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Stephen Ambrose faces more plagiarism questions

January 10, 2002

NEW YORK (AP) — Historian Stephen Ambrose is facing still more allegations of lifting material from other sources.

Forbes.com reported Wednesday that two more books by the best-selling historian, Citizen Soldiers and part three of his Richard Nixon trilogy, contain passages similar to those in other texts.

Four works by Ambrose are now under question. The author’s son and agent, Hugh Ambrose, declined to comment.

Victoria Meyer, a spokeswoman for his publisher, Simon & Schuster, said any errors would be fixed.

“If there are indeed additional passages or sentences that are footnoted, but not in quotations marks when they should have been, we will work with our author to make the necessary corrections,” she said.

Last weekend, Ambrose acknowledged that his current best seller, The Wild Blue, included passages from Thomas Childers’ Wings of Morning. Ambrose footnoted Childers in the sections in question but did not acknowledge quoting directly from the book. Both books are about World War II bomber pilots.

On Tuesday, Forbes.com reported Ambrose’s Crazy Horse and Custer included passages close to Jay Monaghan’s Custer. In Wednesday’s editions of The (New Orleans) Times-Picayune, Ambrose said: “There are places where I used some of his words, and I should have put quote marks around them.”

Ambrose was unsure if his other books had similar problems.

“I don’t know. It’s a lot of books,” said Ambrose, author of more than 20 historical works, including Undaunted Courage and Nothing Like It in the World.

In Citizen Soldiers, a World War II book published in 1997, Ambrose includes an author’s note that says he “stole material profitably if shamelessly” from Joseph Balkoski’s Beyond the Beachhead, which came out in 1989. (Ambrose even wrote the foreword to the paperback edition.)

The actual text includes material, without quotation marks, that closely resembles the Balkoski book.

In Citizen Soldiers, Ambrose writes:

“Men from the 3rd Battalion draped the body with the Stars and Stripes and hoisted it on top of a huge pile of stones that once had been a wall in the Saint Croix Church, a block from the cemetery. Howie’s body remained on display through the next day, July 19. GIs and some of the few civilians remaining in the town adorned the site with flowers.”

Balkoski’s version:

“The next morning, the 29ers draped the body with the Stars and Stripes and hoisted it on top of a huge pile of stones that once had been a wall of Sainte Croix Church, one block west of the cemetery. The body remained on display throughout July 19. The 29ers and some of the few civilians remaining in the city adorned the site with flowers.”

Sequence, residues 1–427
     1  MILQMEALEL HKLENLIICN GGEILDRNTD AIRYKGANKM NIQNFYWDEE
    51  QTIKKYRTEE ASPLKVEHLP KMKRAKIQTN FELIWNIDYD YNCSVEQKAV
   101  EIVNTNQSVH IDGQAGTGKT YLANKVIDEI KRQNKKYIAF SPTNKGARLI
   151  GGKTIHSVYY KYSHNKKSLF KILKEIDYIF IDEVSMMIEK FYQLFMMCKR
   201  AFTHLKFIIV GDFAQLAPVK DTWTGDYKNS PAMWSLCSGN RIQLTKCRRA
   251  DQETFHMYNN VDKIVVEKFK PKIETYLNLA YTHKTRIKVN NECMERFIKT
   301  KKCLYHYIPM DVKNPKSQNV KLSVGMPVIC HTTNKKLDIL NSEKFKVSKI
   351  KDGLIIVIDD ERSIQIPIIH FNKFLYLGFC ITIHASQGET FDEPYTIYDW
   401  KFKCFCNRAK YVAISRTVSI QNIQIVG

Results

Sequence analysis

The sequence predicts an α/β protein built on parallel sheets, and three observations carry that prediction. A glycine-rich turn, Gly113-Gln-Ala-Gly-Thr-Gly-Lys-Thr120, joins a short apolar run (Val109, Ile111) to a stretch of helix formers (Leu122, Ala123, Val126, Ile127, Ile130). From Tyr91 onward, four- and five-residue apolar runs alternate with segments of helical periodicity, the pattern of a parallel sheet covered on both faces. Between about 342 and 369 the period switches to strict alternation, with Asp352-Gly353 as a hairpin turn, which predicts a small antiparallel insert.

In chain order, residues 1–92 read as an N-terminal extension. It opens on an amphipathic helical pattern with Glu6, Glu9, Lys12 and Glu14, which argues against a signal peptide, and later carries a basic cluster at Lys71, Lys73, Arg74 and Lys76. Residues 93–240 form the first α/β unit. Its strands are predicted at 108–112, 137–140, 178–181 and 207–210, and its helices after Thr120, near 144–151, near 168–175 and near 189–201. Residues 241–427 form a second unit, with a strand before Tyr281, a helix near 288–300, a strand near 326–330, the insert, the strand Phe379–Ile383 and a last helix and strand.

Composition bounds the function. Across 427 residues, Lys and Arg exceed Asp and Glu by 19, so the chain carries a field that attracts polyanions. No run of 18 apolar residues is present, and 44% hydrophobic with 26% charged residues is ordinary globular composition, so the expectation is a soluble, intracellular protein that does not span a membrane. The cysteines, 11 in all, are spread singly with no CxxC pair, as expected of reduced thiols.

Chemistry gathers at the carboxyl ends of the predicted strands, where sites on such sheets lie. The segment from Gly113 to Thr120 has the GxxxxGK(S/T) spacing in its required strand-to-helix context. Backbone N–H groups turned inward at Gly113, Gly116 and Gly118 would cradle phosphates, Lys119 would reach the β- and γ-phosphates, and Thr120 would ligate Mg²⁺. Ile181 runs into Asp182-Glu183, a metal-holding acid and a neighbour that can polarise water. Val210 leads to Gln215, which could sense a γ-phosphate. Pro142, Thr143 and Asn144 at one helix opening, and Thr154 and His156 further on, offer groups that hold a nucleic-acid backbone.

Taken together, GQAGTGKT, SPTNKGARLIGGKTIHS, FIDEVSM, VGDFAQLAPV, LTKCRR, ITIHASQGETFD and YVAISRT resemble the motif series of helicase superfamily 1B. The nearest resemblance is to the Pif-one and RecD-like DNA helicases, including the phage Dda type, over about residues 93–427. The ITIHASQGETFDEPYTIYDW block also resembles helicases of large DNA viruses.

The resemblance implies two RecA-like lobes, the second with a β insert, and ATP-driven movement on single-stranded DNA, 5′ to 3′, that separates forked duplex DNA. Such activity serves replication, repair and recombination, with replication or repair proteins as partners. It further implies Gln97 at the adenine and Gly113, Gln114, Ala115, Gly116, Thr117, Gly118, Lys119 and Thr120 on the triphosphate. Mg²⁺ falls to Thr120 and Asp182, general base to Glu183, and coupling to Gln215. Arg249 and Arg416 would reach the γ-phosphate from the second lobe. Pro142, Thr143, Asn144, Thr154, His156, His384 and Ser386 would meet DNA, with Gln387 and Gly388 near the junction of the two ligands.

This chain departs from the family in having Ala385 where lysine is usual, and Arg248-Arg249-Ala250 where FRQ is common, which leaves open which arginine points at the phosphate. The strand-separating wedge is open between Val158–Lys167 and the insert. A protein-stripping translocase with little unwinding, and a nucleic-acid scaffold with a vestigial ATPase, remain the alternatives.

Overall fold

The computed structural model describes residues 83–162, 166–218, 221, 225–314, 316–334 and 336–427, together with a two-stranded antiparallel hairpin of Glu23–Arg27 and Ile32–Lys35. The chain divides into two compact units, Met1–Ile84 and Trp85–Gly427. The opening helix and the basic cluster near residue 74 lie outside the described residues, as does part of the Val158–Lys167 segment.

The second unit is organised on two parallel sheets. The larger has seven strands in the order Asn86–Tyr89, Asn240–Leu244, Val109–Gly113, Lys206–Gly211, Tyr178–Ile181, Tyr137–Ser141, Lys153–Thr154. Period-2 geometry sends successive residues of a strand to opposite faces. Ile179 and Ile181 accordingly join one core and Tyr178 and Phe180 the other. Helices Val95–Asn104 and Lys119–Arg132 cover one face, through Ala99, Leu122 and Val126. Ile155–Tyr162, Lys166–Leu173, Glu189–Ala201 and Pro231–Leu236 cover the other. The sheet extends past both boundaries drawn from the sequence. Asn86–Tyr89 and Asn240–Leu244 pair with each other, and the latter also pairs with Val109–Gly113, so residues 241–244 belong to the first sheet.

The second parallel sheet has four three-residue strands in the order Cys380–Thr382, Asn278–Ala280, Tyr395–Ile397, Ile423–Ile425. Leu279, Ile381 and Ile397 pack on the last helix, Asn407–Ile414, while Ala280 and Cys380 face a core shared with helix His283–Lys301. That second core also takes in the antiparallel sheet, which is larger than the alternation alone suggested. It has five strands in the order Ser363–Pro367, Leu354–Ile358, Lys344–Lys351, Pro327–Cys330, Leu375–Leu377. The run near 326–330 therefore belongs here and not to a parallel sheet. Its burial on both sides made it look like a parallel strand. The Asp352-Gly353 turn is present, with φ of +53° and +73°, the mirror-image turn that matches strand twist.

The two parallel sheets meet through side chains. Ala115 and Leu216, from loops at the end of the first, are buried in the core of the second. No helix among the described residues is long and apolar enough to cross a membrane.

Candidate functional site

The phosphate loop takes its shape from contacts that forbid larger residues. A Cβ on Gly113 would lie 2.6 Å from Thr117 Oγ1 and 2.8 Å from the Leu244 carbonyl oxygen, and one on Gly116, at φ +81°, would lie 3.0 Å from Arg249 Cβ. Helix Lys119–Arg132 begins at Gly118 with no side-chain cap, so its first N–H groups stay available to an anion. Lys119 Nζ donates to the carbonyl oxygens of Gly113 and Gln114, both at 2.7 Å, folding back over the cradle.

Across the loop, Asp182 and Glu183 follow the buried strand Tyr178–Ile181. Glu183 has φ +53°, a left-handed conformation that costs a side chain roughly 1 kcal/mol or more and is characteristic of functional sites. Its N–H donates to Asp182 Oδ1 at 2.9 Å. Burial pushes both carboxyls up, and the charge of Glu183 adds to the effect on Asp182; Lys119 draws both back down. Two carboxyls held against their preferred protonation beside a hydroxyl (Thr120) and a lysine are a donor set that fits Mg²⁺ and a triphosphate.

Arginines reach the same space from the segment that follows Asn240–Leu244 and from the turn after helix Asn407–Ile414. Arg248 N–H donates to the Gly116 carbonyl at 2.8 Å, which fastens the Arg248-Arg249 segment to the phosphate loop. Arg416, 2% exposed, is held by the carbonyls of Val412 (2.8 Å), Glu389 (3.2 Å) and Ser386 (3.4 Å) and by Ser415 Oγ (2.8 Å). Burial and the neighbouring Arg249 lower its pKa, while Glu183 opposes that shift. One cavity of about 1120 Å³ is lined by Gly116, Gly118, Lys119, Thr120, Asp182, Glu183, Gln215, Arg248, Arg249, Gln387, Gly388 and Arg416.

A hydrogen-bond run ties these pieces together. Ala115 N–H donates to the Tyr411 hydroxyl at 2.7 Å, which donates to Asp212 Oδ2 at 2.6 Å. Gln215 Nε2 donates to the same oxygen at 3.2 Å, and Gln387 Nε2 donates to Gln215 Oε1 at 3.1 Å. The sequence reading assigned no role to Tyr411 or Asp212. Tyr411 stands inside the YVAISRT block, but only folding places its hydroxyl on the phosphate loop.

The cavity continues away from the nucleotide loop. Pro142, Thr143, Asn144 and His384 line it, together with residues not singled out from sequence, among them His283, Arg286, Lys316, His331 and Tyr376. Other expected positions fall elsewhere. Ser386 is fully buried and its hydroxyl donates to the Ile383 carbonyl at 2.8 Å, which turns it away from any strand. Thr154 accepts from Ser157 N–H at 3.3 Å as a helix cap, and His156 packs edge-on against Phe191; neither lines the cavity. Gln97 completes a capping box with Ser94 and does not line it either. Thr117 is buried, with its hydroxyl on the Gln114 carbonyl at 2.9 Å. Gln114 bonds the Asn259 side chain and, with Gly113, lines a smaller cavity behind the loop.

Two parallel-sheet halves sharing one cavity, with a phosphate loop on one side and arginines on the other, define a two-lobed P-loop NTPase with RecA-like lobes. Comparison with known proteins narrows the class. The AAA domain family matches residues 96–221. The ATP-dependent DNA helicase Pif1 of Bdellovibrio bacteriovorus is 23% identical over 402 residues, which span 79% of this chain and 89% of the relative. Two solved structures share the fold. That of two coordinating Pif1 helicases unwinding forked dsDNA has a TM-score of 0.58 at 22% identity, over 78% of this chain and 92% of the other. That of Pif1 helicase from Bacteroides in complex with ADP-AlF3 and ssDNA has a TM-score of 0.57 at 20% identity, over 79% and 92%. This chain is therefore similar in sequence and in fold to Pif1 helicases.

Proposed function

Allegations of plagiarism in history books are nothing new. Alex Haley acknowledged he had lifted material for Roots, his 1970s best seller. More recently, Atlantic Monthly Press canceled distribution of the biography I Have Not Yet Begun to Fight: A Life of John Paul Jones, after author James Mackay was found to have been accused of plagiarism in Scotland.

But neither Haley nor Mackay were professional historians like Ambrose, and notable instances of plagiarism within the field are relatively rare. Since 1993, only 14 cases have been accepted for full review by the American Historical Association.

“I don’t think it’s very prevalent,” said Eric Foner, a professer of history at Columbia University and author of the acclaimed Reconstruction.

Foner did say he’s had students commit the same error Ambrose acknowledged: footnoting a source but failing to note a direct quotation.

“I’ve had to tell them that a footnote does not solve the problem of using someone else’s work,” Foner said.

Historians are not questioning Ambrose’s integrity. They believe Ambrose might have so internalized his source material he unconsciously replicated it, or that the problem originates with his team of research assistants. Ambrose is also highly prolific, increasing the chance of error.

“I don’t see anything malicious,” Foner said. “I think what happens is a sloppiness which derives from speed. You kind of throw things together and you lose sight of the difference between your language and someone else's language.”


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